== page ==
The Federal Reserve Board of Governors surprised almost all Fed watchers when it decided at its Sept. 18 meeting not to start tapering with its $85 billion bond-buying program. The program consists of the Fed buying $45 million in 10-Year Treasuries and $40 in mortgage-backed securities.
In explaining why it chose not to start tapering, the Fed cited continued weakness of the overall economy. They pointed to a few concerns in the current economy; employment, inflation, a recent spike in rates as well as the government sequester.
The unemployment rate remains elevated. The labor participation rate is low. This means that there are many workers who are not looking for work, which means the actual unemployment rate is higher, perhaps significantly higher than what is being gauged and reported these days by the Department of Labor.
Other worrisome factors that made influenced the Fed’s decision included pullback of government investments because of the ongoing sequester and other cutbacks. The uncertainty of the raising of the debt ceiling and the possible government shut down also part of the concerns. These items are ultimately a drag on the economy.
The inflation rate, or lack thereof, was also cited. The Fed has called for a steady 2-percent rate of inflation to one of the foundations for a healthy economy. Currently, the inflation rate is 1.3 percent. This is well below the target. The Fed is concerned about possible disinflation.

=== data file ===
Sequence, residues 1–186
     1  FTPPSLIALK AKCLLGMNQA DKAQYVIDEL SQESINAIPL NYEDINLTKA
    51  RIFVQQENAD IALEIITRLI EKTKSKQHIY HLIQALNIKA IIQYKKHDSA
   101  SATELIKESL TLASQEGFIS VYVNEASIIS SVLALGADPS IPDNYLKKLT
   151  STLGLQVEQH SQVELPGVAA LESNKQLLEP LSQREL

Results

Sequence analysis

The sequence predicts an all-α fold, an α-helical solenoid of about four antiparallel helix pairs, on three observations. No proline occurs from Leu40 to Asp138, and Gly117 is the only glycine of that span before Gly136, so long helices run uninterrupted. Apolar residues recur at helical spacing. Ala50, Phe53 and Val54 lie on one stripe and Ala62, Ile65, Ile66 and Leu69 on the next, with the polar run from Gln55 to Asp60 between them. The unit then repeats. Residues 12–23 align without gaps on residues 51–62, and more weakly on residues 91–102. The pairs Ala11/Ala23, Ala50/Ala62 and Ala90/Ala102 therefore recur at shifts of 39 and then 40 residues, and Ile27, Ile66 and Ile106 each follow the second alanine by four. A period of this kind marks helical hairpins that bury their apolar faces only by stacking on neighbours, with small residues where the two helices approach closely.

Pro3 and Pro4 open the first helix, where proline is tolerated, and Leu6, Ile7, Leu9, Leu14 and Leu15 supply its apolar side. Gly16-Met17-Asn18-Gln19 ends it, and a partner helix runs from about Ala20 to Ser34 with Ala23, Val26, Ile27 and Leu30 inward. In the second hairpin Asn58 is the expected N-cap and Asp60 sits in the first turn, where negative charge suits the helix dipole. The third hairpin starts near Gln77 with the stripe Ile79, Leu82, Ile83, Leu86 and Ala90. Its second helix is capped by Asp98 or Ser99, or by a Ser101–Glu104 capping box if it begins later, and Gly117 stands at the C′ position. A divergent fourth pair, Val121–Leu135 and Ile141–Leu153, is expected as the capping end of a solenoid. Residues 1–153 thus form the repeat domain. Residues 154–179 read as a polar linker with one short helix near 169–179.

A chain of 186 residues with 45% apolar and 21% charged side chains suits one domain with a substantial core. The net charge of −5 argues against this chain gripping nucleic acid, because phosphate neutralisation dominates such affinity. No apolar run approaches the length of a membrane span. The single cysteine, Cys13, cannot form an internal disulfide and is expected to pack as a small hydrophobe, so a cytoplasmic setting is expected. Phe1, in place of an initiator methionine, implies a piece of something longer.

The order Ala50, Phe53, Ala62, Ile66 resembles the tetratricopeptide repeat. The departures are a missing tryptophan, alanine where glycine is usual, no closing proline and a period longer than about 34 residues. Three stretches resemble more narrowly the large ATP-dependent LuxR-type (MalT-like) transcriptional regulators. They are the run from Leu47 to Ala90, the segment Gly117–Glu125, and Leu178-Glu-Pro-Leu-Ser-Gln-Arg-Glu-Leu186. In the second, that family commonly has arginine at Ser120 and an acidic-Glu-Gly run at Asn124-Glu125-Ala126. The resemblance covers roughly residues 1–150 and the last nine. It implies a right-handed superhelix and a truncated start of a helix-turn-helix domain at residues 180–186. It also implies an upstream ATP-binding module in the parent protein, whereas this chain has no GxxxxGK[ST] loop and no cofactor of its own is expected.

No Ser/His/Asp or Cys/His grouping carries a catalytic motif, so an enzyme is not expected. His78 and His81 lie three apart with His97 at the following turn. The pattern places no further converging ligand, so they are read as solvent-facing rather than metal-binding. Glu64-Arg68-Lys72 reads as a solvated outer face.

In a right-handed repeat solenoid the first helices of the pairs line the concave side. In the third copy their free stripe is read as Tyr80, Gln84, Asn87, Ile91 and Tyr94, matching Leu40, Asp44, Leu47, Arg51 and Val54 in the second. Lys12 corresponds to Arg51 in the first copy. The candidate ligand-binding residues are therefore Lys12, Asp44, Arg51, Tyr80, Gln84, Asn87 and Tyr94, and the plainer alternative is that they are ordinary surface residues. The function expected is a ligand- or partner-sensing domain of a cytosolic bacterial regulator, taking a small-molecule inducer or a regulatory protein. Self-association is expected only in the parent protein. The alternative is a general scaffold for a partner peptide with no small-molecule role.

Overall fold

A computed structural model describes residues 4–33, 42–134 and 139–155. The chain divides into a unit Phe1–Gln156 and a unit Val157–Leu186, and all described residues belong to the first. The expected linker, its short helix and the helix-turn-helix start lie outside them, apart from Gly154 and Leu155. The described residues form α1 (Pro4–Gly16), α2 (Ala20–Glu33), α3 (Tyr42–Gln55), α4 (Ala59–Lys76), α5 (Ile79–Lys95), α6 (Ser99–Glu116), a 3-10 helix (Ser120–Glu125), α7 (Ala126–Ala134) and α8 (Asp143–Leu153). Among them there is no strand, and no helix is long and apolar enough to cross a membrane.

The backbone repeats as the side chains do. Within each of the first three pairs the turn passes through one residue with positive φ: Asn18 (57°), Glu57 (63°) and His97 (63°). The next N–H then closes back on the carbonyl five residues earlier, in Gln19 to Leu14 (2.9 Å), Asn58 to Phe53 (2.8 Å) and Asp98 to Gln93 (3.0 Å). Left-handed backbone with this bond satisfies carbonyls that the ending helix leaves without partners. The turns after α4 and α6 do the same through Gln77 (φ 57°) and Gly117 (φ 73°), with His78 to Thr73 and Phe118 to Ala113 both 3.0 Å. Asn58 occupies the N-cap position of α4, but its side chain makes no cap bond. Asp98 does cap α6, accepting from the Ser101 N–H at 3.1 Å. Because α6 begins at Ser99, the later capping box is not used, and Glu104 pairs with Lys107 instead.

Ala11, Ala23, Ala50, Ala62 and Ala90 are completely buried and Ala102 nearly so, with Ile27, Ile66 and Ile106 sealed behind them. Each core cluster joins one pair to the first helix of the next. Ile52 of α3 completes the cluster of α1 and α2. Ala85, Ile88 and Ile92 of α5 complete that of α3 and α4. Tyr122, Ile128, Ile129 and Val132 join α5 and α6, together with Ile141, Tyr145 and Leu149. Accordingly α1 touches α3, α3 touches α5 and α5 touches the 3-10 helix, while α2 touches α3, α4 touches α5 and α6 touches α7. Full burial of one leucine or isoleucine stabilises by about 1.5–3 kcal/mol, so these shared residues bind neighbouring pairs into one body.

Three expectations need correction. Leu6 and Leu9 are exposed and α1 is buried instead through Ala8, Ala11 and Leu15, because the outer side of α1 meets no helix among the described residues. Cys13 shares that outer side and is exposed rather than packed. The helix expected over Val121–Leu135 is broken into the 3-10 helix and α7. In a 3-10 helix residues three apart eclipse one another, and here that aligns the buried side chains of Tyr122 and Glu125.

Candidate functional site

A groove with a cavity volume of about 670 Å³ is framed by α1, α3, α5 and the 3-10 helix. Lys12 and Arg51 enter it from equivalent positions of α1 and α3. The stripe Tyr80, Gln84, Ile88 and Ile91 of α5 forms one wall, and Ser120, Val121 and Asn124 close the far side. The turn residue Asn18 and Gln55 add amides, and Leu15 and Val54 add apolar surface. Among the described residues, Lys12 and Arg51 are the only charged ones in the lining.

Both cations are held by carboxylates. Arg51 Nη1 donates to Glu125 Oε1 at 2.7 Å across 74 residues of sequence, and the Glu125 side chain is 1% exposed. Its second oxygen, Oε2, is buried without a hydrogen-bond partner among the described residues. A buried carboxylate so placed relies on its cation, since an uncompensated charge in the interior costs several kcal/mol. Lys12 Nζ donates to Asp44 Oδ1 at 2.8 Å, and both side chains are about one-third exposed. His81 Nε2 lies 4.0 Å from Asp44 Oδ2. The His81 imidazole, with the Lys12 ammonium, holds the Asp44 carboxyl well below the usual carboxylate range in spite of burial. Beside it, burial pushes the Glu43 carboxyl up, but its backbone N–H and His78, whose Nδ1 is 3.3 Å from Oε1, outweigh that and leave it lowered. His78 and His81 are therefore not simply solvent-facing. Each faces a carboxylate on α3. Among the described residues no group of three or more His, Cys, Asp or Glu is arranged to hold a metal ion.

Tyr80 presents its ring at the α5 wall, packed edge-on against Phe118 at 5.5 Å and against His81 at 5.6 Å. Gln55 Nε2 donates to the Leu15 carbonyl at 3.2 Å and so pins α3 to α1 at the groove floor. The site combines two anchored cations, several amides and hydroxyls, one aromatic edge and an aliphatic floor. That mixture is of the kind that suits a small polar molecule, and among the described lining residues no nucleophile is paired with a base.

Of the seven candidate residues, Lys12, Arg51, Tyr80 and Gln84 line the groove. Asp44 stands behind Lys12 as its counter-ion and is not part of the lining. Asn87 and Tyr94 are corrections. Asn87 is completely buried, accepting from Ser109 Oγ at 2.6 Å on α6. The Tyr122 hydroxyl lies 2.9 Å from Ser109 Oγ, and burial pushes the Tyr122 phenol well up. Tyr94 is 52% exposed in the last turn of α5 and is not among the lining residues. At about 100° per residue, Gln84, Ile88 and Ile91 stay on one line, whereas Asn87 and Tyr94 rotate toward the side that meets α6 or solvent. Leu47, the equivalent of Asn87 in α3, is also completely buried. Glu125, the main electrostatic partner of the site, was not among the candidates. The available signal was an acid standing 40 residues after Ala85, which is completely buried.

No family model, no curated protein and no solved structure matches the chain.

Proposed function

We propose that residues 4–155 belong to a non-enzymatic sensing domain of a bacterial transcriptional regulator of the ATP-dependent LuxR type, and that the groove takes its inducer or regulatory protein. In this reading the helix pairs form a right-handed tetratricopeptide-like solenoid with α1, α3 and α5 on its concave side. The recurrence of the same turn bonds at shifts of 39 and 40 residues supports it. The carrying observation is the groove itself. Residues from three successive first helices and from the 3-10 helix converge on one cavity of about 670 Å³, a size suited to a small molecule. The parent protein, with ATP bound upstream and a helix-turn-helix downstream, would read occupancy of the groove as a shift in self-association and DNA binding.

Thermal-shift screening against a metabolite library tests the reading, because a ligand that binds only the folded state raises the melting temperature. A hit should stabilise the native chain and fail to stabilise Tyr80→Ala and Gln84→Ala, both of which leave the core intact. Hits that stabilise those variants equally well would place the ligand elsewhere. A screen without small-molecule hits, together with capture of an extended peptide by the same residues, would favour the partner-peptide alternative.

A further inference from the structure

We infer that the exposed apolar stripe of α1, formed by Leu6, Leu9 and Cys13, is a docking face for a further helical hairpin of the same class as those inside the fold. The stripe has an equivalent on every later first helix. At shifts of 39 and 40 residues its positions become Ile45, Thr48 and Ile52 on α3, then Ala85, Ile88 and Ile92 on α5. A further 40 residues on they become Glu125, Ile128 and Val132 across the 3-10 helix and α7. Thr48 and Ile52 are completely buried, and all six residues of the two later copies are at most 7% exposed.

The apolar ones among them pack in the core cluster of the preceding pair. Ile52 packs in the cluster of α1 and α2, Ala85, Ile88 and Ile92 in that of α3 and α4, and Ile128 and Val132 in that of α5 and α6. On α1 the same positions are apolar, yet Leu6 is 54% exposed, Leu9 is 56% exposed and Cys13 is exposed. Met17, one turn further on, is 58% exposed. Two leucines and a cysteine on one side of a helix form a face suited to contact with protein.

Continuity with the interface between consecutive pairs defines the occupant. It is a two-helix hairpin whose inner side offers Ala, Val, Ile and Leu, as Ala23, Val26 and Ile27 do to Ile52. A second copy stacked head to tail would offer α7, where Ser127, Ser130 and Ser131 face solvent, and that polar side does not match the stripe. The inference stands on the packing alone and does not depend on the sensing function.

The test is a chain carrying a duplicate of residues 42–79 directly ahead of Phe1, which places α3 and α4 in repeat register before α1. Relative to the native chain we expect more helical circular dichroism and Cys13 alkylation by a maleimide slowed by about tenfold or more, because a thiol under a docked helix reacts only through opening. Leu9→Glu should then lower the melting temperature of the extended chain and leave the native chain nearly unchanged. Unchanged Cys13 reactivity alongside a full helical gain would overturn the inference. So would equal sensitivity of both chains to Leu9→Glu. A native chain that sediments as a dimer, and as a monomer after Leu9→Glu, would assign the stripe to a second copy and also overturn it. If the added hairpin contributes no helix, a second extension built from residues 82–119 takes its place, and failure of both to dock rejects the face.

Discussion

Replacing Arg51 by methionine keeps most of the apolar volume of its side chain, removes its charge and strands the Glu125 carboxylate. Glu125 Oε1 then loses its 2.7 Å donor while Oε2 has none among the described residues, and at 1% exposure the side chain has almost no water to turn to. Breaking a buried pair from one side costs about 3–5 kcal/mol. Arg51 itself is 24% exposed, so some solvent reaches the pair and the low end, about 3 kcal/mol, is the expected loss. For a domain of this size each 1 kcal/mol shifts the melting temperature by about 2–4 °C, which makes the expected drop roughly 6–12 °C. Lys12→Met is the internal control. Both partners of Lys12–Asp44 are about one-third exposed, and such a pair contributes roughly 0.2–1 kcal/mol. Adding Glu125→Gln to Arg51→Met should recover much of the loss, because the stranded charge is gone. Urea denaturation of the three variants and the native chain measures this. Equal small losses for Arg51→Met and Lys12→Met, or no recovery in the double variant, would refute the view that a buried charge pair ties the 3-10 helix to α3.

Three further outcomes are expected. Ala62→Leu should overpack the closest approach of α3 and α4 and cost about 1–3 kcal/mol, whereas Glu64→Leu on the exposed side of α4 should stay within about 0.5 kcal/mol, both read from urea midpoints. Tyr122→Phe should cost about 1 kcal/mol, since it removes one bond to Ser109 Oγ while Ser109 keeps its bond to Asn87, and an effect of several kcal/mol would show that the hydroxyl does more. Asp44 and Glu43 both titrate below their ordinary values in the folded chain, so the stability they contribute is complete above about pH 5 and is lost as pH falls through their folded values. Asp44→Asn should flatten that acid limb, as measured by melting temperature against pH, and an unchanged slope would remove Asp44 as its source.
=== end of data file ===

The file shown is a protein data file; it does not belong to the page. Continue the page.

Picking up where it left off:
In chairman Ben Bernanke’s press conference, he showed charts by the Fed that predicted that the 2-percent inflation target would not be reached until 2016. The Chair reiterated that the Fed would not raise the Fed Funds Rate until the goals are archived. Taken at his word, the Fed is not likely to raise the key Fed Funds rate, which is currently at 0 to ¼ percent, until late 2015 or early 2016.
In explaining its accommodative monetary policy, the Fed states: “It will take a balanced approach consistent with its longer-run goals of maximum employment and inflation of 2 percent.”
The Fed also expressed concern about the recent increases in mortgage interest rates. The Fed is worried the recent spike in rates is hurting the economic recovery.
For the time being, the Fed will be very accommodative in an effort to keep the overall economy moving forward. Expect the bond markets and mortgages to readjust yields lower in order to reflect the Fed’s current outlook.
Bill Starrels lives in Georgetown where he works as a mortgage loan officer. He can be reached at 703-625-7355 or email@example.com